Photo used under Creative Commons and taken by photologue_np

My Three Tiered System to Job Searching

Photo used under Creative Commons and taken by photologue_np
Over the past months, since I parted with WP Engine, I have entertained many inquiries about my availability for other full-time roles. And I literally mean many. It’s been a great problem to have, frankly, and I consider myself blessed to have these inquiries while so many others continue to struggle to find work.

I also consider myself blessed to work in a specialty field. WordPress consulting, you would think, is something that is extremely saturated. To a degree you’d be right. As a consultant, I turn away a great number of projects because, frankly, they amount to building sites with WordPress. There is certainly nothing wrong with that kind of work, but I’ve found over years of consulting that it’s important to be a specialist. To not be a specialist means to compete with everyone else on the same level and that reduces the quality and quantity of projects I can work on.

Instead, I focus on high-end WordPress integrations and plugin development. Complex things. I make a reasonable living doing things that there are only a proverbial handful of people who have the ability to do.

At the same time, I continue to entertain full-time job offers. There are some great ones out there, but many just don’t interest me. I have a three-tier (God, as a beer advocate, I hate that term but in this case it fits) filtering process I go through when entertaining job offers. I think this three-tier system should apply to anyone and everyone looking to work in any field, and so I’ve decided to share it.

Is the money right?

We all need to live, and I’m not one who believes the starving artist mantra is necessary a healthy one. If you’re good at what you do, you should be compensated appropriately. Personally, I don’t think anyone would have an argument in this area. A seasoned DBA should not be making $50k, for instance.

As a consultant, I’ve come to have a lifestyle that I’ve worked very hard to achieve. I’m going to be 36 soon and I’ve been married, had a kid, worked on startups, lived in expensive areas of the country and cheaper areas of the country. I’ve built a lifestyle that no job should ever take away.

We all have our “number”. Know for yourself what that number is and stick to your guns when determining if you want to work for someone. Simply not enjoying your current job is not a valid reason to take less than what you’re worth.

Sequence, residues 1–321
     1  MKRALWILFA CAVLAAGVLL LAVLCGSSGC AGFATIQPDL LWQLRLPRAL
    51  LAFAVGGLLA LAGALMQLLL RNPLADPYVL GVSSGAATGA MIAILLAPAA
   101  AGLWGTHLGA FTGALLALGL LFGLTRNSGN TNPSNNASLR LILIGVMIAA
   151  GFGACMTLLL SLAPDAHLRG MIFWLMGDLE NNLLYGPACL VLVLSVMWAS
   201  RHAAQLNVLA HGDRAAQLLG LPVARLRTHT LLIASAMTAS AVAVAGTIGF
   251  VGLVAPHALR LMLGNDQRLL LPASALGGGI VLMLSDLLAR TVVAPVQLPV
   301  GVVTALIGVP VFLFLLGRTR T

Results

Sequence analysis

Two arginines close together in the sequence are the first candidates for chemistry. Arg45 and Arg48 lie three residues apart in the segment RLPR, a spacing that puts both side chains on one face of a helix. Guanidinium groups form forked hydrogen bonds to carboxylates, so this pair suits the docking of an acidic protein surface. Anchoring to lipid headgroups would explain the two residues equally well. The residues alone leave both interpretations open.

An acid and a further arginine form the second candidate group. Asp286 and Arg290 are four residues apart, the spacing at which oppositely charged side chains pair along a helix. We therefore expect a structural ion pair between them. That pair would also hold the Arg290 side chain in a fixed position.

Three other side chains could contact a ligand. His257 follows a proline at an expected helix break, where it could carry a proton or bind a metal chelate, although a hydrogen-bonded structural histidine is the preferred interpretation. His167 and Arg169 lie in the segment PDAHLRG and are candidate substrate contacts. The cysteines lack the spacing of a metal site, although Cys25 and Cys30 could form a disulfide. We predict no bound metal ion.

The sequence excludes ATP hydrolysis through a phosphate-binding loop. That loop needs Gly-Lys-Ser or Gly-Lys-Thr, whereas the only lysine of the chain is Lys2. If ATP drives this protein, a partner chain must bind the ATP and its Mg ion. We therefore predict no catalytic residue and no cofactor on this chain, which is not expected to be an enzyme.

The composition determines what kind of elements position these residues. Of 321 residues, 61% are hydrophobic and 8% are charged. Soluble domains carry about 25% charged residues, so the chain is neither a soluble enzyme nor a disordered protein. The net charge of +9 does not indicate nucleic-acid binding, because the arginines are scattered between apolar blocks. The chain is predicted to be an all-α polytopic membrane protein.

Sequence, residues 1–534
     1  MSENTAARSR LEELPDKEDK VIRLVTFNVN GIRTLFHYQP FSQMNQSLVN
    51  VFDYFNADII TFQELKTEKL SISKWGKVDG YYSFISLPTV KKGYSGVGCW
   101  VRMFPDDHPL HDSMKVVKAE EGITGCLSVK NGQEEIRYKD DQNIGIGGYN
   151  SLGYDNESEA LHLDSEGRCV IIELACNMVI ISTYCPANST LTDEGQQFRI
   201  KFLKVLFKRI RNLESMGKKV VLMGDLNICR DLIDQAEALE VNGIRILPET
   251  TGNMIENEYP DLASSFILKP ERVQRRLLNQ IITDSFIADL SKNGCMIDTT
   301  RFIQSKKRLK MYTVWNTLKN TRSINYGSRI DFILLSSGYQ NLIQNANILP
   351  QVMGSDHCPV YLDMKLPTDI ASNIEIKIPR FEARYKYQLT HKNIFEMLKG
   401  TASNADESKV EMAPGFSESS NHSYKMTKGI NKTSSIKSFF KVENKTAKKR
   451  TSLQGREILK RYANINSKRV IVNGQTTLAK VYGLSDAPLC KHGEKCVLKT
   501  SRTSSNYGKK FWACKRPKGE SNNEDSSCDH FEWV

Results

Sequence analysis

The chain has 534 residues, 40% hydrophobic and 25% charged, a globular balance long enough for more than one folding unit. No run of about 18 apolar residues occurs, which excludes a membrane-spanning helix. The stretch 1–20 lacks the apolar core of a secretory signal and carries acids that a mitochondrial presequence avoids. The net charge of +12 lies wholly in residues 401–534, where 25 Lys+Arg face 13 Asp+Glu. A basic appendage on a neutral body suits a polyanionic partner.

Does the job make you want to jump out of your chair and SQUEEEE?

IF it doesn’t, walk away. You should love every minute of what you do and jump out of bed in the morning (after a reasonable period of off-time) eager to see what new innovations, products, ideas and relationships can be achieved.

To do less is selling yourself short. Never settle for anything less than awesome. Some inquiries, for me, have been awesome on the money side but I feel so dull and want to pull each fingernail out of it’s socket just thinking about it. Read my lips! I will never work in a cubicle again! Ever! Don’t ask!

Recently, I spoke with a company who demoed some of their products (WordPress-based) they were working on. They showed me tools that they had built in that allowed their 300some entities they managed to do amazing things (things I tried at b5media years ago [and failed]) in easy, intuitive ways. All I wanted to do was scream “OMGYESPLEASE!” through the phone.

If you don’t have that reaction, think really hard about whether you want to commit.

What’s the social impact?

I’m not a tree-hugger, but one thing I can say is that consulting is both awesome and terrible. I get a lot of benefits by working for myself. But that’s kind of it. I get lots of benefits from working for myself. No one else does. Just me. My world isn’t a better place because of my work. My wallet is happier, but the world around me still sucks.

So when I talk to companies about working for them, I want to know that my work has a positive effect on the world around me. Whether it’s education or environmental; sustainability or fitness; empowering others or enabling positive social change – it’s an important facet in what I look for.

Does the company reward employees for not wasting energy and taking the bus or riding a bike to work? Does the company offer some sort of subsidy or reward for green energy consumption? How many women are employed as engineers?

How does working for Company X positively affect the world around me?

I think these three things are co-equally important for anyone, not just me. I hope so, anyway. We shouldn’t hate what we do, ever. We choose what we do. Choose wisely.

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How to get a Great Tech Job

This post is a guest post from Sandy Smith, a hiring manager and PHP developer at Forum One Communications in Alexandria, VA. It was originally an email to a mailing list in response to a job ad posted by a recruiter. The job requisition was worded in such a way to make it sound like the recruiter wanted someone with every web-tech skill and a “mastery” of it for about $75,000 (USD), a salary that is extremely low in the Washington, D.C. area. His response was so good that I asked if I could reprint it. He obliged. Follow Sandy on Twitter at @SandyS1 or at his blog.